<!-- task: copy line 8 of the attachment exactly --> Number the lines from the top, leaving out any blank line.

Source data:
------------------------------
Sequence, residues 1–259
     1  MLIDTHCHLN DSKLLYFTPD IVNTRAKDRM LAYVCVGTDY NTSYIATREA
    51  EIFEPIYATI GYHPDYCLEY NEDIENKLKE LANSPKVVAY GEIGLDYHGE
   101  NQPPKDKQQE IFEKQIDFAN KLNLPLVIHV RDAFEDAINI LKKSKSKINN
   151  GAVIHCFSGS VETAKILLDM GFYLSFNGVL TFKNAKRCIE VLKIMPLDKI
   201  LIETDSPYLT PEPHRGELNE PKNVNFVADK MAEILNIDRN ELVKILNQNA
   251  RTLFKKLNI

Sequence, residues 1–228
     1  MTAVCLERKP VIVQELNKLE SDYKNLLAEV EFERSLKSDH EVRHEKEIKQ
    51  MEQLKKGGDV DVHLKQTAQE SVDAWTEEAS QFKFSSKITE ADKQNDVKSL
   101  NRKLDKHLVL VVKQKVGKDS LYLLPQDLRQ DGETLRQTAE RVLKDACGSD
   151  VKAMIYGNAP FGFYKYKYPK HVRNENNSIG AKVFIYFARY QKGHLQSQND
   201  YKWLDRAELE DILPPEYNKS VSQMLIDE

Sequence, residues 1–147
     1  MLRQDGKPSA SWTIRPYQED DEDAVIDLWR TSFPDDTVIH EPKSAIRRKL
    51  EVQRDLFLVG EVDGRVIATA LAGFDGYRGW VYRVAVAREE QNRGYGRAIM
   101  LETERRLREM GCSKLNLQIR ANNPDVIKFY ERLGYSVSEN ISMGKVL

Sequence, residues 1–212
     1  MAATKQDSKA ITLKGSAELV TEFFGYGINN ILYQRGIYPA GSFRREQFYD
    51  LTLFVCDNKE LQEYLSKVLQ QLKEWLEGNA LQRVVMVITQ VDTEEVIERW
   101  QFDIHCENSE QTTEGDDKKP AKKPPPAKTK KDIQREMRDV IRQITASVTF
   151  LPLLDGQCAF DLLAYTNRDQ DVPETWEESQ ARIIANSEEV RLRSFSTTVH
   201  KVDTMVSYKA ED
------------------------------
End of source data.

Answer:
Sequence, residues 1–228